Consider that we have a discrete signal of finite length. How can we find the amplitude and phase corresponding to different harmonics of this signal in Matlab?


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    $\begingroup$ so the discrete-time signal is periodic? $\endgroup$ – robert bristow-johnson Jul 6 '17 at 15:24
  • $\begingroup$ yes, that's periodic. $\endgroup$ – math14 Jul 6 '17 at 15:27
  • $\begingroup$ do you know the period in advance? is it an integer number of samples? $\endgroup$ – robert bristow-johnson Jul 6 '17 at 15:53
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    $\begingroup$ how about using Matlab's FFT? I mean that's pretty much the definition of a Fourier Transorm, if your signal is deterministic. You just have to apply Matlab's fft function (maybe zero-padding your signal if the length is very short) and then obtain the phase with angle() and the magnitude with abs() $\endgroup$ – Florent Jul 7 '17 at 4:32
  • $\begingroup$ @FlorentEcochard: can you describe the relationship between the coefficients of the DFT of finite length discrete signal with the harmonics of that (because of that the signal is finite length and I'd like to know clearly the difference of harmonics of Fourier series of a periodic signal and the DFT of a finite length signal)? $\endgroup$ – math14 Jul 8 '17 at 3:08

As Florent told: you must take fourier transform from your signal, by fft, then you will get your spectrum in normalized frequency, actual frequency is correspond to your sampling rate, then you can see amplitude and phase of each frequency(or harmonic) by these command: abs and angle. For example, assume x is signal and T is time interval between your samples and

x=[10 -10 10 -10 10 -10 -10 10 10 -10 -10]
X=fft(x);%you can set frequency resolution by setting fft(x,resolution)

The Fourier transform of a periodic signal is the discretisation of the Fourier transform of one of the signal's period. In other words, the only difference between the Fourier transform of a finite signal and its periodic version is that the former is continuous whereas the latter is discrete (Fourier series). To speak in mathematical terms, periodisation of a signal is equivalent to convolution with a Dirac train, which in the frequency domain results in the multiplication by a Dirac train, i.e. discretisation. Here is an explicative link

However, if your signal is not finite length but you're just analysing one finite portion of it (which is called windowing of the signal), this is equivalent to multiplying your time signal by a window function. In the frequency domain, it is like convolution with a sinc function (granted that your window is a rectangle window). More about this here.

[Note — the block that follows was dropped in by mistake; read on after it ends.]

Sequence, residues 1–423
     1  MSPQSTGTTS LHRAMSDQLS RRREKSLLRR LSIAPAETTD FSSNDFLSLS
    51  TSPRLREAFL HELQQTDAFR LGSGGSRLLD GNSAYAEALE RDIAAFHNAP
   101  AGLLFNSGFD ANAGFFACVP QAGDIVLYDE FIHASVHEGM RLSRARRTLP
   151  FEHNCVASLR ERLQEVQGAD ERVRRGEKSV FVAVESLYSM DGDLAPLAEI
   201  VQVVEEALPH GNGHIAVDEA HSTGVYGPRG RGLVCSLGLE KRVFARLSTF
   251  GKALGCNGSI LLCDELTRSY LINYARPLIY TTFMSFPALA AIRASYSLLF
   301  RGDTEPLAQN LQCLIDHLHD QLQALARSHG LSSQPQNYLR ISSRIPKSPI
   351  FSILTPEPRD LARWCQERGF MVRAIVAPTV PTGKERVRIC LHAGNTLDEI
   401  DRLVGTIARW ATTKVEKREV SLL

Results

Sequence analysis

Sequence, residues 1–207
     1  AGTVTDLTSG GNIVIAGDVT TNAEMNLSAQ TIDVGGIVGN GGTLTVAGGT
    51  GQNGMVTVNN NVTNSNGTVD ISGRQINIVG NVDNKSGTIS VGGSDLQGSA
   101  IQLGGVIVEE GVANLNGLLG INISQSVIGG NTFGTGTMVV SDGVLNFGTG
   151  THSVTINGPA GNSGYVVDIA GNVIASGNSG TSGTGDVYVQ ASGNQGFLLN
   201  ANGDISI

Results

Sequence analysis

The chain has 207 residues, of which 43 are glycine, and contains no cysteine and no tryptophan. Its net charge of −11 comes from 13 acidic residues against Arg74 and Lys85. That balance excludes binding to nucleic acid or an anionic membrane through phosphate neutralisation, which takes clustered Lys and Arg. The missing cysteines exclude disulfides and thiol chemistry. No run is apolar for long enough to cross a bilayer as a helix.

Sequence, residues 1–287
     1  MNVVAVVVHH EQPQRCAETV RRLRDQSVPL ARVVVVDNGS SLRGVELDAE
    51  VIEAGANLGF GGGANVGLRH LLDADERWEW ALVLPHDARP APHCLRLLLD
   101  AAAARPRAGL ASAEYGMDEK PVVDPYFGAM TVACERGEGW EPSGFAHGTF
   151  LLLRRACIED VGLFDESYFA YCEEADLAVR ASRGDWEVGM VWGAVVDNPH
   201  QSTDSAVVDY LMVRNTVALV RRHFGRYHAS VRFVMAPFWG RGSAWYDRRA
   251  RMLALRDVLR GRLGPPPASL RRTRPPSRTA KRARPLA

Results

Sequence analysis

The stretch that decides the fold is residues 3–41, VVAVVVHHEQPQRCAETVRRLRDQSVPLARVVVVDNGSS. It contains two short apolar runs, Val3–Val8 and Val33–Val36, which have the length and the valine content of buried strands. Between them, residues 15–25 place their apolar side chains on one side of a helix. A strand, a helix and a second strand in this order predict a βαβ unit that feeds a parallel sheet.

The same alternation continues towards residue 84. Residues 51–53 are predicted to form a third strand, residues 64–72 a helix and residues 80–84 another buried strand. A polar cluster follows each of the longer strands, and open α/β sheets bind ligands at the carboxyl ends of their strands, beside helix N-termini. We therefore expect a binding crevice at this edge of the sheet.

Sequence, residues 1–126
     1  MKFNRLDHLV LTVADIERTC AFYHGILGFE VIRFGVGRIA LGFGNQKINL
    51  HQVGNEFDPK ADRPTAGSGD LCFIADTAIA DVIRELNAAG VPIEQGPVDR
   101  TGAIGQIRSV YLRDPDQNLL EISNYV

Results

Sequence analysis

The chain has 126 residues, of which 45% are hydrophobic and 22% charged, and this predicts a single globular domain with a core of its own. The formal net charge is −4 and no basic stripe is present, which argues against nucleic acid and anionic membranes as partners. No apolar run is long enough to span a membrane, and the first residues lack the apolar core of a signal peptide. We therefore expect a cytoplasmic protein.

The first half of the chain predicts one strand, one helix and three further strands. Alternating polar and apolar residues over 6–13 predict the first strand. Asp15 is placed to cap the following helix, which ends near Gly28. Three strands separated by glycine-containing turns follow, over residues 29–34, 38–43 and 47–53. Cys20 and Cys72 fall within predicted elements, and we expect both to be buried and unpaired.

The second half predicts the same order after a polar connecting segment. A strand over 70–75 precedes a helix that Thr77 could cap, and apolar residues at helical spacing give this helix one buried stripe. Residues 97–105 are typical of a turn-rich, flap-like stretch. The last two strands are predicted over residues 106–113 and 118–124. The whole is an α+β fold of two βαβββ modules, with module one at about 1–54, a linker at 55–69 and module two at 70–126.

So the bottom line is: if your fft window is big enough to analyse your whole signal, then the fft coefficients are a direct image of your harmonics. If you fft window truncates the signal however, you loose information and there is no way of knowing the original signal's real harmonics.

Note : I'm on my phone now so I can't illustrate with math equations but I'll edit later

  • $\begingroup$ There's a lot more to it : different apodizations of the window to prevent discontinuities, zero padding of your signal to have more FFT points, choice of a fft length that is a power of 2 to take advantage of the fft algorithm etc. Plenty of info on the web $\endgroup$ – Florent Jul 8 '17 at 3:40
  • $\begingroup$ "To speak in mathematical terms, periodisation of a signal is equivalent to convolution with a Dirac train, which in the frequency domain results in the multiplication by a Dirac train, i.e. discretisation." --- i think a more concise way to put it is: "Uniform sampling in one domain is equivalent to periodic extension in the reciprocal domain and, due to duality of the Fourier transform, periodical extension in one domain is equivalent to uniform sampling in the reciprocal domain." $\endgroup$ – robert bristow-johnson Jul 8 '17 at 4:18
  • $\begingroup$ Thanks @FlorentEcochard. Could you extend your answer specifically the second paragraph? About harmonics? $\endgroup$ – math14 Jul 8 '17 at 7:47
  • $\begingroup$ @robert bristow-johnson : right, much clearer thanks! Should I edit? $\endgroup$ – Florent Jul 8 '17 at 16:44
  • $\begingroup$ @Steve : what do you want to know? Please be more specific $\endgroup$ – Florent Jul 8 '17 at 16:45

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